While most entry-level ukuleles have issues with strings being too high off the neck (i.e. too high action), I was not expecting it on this one as with its $169.99 MSRP price tag it’s not really “entry-level” anymore but rather “enthousiast-level”. It rose to that promise with a perfectly acceptable action. It could be a tad lower, definitely when you’re playing higher up the fretboard. In this price range however, the setup and playability is near perfect. Tune the ukulele with UkuTuner and you’re good to go! No buzzing anywhere along the fretboard.
I’ve used the KA-BMB-C Bamboo ukulele by Kala for a few weeks now. I’ve also used it in one of the UkuTabs YouTube tutorial videos which you can see below. This brings us straight to how it sounds.
The description for the ukulele says that “bamboo provides a bright tone with great volume, harmonics, projection and sustain“. I can only concur. For a concert sized ukulele it has a nice volume and even when played somewhat hard, you still get a nice tone without sounding too sharp or loosing its tonality. It’s definitely more on the treble side of sound with mahogany being a tad more “warm” sounding. Definitely quite different when compared with koa which has a typical full and warm sound. That’s however completely a personal preference. In its price range it delivers a very decent sound with a clear tone and reasonable volume.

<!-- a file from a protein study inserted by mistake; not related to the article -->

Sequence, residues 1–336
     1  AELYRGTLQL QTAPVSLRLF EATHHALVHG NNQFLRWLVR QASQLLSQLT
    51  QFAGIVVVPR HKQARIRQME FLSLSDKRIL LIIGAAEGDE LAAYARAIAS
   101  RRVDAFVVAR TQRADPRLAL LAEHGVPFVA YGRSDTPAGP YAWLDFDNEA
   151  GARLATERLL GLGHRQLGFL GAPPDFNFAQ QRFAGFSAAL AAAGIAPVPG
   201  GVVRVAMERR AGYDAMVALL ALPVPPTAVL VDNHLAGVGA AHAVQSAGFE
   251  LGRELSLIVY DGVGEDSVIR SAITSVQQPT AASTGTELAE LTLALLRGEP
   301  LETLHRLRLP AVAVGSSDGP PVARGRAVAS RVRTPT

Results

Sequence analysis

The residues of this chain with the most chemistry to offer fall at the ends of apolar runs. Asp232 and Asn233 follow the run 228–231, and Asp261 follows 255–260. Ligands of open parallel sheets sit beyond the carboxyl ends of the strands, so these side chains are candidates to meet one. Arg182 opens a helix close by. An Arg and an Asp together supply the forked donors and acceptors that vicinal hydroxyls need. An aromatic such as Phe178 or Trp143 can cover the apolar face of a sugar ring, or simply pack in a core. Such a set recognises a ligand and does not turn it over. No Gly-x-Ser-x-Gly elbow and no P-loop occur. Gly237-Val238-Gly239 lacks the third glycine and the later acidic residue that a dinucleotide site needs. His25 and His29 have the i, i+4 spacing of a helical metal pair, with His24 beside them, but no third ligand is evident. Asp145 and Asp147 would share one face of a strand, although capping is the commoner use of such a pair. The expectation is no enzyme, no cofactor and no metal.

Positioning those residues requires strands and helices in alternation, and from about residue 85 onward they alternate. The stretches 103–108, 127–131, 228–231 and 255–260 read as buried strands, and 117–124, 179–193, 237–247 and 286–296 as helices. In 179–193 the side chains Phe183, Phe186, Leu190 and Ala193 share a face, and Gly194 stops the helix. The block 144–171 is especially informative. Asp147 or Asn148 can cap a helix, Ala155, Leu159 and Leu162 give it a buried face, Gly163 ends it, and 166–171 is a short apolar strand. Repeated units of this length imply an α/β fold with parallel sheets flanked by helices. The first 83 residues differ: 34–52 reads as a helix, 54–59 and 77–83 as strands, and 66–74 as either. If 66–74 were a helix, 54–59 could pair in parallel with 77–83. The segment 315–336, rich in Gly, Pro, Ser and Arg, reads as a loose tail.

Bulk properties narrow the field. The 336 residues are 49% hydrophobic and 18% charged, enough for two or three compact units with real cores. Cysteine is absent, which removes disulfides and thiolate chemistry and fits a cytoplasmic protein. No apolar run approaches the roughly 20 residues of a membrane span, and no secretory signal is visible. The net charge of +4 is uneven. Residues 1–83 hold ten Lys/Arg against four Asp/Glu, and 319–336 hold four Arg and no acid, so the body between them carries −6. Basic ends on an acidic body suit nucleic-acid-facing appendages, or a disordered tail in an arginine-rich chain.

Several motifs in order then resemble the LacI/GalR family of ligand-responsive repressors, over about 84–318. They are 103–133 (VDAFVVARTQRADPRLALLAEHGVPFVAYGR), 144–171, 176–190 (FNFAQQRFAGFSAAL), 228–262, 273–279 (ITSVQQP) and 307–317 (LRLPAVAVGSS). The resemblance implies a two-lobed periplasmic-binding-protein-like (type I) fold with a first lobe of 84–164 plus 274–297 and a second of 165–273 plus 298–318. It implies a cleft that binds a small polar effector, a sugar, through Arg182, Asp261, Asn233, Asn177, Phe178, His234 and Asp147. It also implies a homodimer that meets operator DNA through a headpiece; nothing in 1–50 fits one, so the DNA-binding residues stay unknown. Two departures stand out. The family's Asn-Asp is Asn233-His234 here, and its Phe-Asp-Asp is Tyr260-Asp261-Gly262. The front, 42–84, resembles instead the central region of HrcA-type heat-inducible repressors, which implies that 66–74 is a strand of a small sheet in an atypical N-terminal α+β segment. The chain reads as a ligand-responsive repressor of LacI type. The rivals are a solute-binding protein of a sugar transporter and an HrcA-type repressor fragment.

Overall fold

Strings & Tuners
Like all Kala ukuleles, the KA-BMB-C comes from the factory with Aquila Nylgut strings. These strings are widely accepted to be the best-sounding ukulele strings you can get. They produce a warm harp-like sound and will complement the sound of every instrument.
The tuning machines are open back placed on a slotted headstock. They did not need any tightening at all and have proven to be quite accurate. A few retunings were necessary but after the strings were broken in, it stayed perfectly in tune. You can learn more about how to properly tune your ukulele in this article.
Nut & Saddle
Another small tidbit that distances this ukulele from the “entry-level” ukulele market, is the use of a Graph Tech Nubone® nut and saddle instead of a cheaper plastic one. Plastic ones are relatively soft and don’t do a good job in transferring the vibrations of the string to the body. Kala did not cheap out at all and choose for quality.
When I first start to review a ukulele I honestly do not look at the price. This in order to not be biased by it as in “ah it’s $500, so it must be good“. This ukulele was hitting all the right points: it looks good, it’s quite unique in its construction and use of materials, it has a good build quality and above all it sounds more than decent. In my head I was sticking a price of $250 – $300 on this ukulele. So right up there in the mid-range tier of ukuleles. When you then take into account that the MSRP for this ukulele is $169.99 and you can typically get it for $30 cheaper than that, it’s a no brainer.
This ukulele is not only a conversation piece when someone sees it hanging on your wall, but it can live up to the standards of any self respecting ukulele player while still not breaking the bank as well.
You can see the collection of solid bamboo ukuleles over at Kala, although there’s a good possibility there won’t be that many in stock.